کسب اطلاعات و مدیریت پروژه مطلوب
|کد مقاله||سال انتشار||مقاله انگلیسی||ترجمه فارسی||تعداد کلمات|
|3236||2008||12 صفحه PDF||سفارش دهید||8473 کلمه|
Publisher : Elsevier - Science Direct (الزویر - ساینس دایرکت)
Journal : International Journal of Industrial Organization, Volume 26, Issue 4, July 2008, Pages 1032–1043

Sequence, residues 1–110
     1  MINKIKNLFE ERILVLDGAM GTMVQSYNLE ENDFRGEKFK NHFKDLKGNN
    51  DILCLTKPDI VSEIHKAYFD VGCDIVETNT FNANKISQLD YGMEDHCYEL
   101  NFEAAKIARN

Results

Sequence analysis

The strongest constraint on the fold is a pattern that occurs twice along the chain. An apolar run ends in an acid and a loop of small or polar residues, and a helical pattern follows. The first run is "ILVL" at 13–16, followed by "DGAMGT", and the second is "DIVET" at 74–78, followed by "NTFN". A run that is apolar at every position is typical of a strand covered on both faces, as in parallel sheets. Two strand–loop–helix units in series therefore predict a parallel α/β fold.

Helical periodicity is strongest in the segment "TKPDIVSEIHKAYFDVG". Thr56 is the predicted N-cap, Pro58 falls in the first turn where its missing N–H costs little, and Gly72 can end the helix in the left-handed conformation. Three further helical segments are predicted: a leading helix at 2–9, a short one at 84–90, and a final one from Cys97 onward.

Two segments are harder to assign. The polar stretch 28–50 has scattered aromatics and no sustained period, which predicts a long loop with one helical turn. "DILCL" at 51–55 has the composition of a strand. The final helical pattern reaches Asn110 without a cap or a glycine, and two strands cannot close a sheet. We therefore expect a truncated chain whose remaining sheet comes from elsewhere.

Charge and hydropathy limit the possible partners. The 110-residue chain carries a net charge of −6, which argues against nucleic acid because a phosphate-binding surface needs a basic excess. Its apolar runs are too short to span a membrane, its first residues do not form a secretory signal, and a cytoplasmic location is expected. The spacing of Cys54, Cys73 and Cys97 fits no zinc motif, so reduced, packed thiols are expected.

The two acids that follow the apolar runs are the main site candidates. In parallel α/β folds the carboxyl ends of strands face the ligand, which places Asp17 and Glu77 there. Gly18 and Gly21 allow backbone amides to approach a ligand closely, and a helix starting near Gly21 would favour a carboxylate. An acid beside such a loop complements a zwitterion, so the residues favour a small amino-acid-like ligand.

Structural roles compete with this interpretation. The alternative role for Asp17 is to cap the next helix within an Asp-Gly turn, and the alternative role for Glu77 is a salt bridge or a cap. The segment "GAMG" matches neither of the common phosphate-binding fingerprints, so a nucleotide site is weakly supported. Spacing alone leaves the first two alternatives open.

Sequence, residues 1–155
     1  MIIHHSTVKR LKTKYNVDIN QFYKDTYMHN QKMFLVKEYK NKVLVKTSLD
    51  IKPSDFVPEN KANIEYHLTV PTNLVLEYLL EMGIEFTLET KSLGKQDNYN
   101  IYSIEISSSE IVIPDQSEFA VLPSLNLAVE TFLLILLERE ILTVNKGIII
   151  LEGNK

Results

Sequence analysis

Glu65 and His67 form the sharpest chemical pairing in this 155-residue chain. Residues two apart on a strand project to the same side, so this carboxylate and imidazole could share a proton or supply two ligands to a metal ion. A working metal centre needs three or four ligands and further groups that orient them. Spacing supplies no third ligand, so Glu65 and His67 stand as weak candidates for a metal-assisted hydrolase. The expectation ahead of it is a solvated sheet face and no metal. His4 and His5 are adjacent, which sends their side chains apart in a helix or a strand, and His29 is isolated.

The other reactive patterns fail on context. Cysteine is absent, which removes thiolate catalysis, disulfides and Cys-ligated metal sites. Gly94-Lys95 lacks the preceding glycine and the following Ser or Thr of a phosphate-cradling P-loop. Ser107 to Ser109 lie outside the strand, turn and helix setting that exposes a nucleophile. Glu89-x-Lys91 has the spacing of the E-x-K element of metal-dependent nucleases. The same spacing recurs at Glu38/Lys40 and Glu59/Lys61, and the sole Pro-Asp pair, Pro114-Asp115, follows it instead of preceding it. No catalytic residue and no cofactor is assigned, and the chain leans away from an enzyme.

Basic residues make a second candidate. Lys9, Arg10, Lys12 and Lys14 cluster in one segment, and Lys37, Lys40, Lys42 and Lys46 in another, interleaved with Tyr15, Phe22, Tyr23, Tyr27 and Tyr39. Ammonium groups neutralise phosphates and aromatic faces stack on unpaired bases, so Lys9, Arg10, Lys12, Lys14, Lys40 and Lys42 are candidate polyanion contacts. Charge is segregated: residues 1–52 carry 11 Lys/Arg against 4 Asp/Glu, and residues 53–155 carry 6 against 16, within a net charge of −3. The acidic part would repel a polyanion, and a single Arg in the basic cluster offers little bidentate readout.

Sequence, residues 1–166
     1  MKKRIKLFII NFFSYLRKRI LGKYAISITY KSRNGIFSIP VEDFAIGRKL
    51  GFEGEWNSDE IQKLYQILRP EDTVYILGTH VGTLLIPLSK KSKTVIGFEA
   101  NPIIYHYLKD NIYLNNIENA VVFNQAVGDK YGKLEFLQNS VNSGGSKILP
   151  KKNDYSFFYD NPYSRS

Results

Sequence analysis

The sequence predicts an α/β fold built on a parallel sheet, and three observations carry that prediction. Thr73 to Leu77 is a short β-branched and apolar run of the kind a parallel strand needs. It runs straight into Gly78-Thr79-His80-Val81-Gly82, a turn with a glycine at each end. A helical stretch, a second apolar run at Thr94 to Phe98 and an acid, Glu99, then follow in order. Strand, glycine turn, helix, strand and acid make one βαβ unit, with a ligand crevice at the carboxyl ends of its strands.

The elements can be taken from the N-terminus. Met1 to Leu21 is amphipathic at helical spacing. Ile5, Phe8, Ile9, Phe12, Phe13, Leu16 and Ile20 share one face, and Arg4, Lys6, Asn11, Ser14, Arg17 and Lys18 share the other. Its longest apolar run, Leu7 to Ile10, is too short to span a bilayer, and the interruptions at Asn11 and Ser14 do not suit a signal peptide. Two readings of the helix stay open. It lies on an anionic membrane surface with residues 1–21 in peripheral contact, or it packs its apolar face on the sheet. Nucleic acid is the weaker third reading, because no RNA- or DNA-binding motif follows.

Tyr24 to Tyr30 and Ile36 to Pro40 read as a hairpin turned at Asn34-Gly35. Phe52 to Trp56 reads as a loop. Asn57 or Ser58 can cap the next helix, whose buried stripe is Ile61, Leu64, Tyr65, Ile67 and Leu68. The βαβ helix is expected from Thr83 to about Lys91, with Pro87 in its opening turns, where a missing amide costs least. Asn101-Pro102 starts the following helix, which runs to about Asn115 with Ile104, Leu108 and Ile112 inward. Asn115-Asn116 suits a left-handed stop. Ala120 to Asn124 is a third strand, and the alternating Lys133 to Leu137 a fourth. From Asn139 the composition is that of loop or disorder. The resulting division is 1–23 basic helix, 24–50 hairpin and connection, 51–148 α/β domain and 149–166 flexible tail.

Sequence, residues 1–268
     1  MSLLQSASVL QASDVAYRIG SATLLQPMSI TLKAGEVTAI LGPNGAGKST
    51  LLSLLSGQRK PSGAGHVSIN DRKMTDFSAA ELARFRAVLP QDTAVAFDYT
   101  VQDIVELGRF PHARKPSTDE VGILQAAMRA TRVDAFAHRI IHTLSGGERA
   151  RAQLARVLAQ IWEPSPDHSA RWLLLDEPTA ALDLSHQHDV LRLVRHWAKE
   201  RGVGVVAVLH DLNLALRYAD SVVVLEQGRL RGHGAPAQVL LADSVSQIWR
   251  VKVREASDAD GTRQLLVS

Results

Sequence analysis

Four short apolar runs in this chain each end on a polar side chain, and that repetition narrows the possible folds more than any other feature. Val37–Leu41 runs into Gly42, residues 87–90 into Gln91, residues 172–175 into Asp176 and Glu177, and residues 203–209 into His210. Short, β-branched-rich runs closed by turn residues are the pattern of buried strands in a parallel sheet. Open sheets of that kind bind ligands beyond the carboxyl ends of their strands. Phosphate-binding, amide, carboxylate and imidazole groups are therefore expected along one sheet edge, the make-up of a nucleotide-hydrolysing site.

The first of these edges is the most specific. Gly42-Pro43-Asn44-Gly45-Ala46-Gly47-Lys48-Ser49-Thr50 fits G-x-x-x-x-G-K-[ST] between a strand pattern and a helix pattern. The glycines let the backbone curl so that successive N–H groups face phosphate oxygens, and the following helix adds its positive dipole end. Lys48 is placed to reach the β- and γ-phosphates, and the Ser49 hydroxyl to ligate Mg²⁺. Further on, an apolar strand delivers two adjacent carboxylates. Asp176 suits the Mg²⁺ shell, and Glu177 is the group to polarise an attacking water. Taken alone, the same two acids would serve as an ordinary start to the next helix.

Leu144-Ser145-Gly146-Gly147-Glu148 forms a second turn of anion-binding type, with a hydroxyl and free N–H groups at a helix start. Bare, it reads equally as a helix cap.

This paper provides a rationale for why an organization often generates a bias in favor of a new project even after learning that its profitability will be certainly below more conventional ones. We analyze a principal–agent model with two alternative projects, one of which is to be chosen by the principal. In our model, the profitability of a project is determined by the cost of implementation. All parties are familiar with one of the projects (the known project), and thus the implementation cost of this project is common knowledge. Information on the other project (the new project), however, must be acquired by the agent. We find that the new project may be chosen in the optimal contract even when it turns out to be more costly to implement than the known project, if acquiring information is costly enough and the realized implementation cost of the new project is below a particular level. We also discuss distortion in the new project's output schedule when it is selected.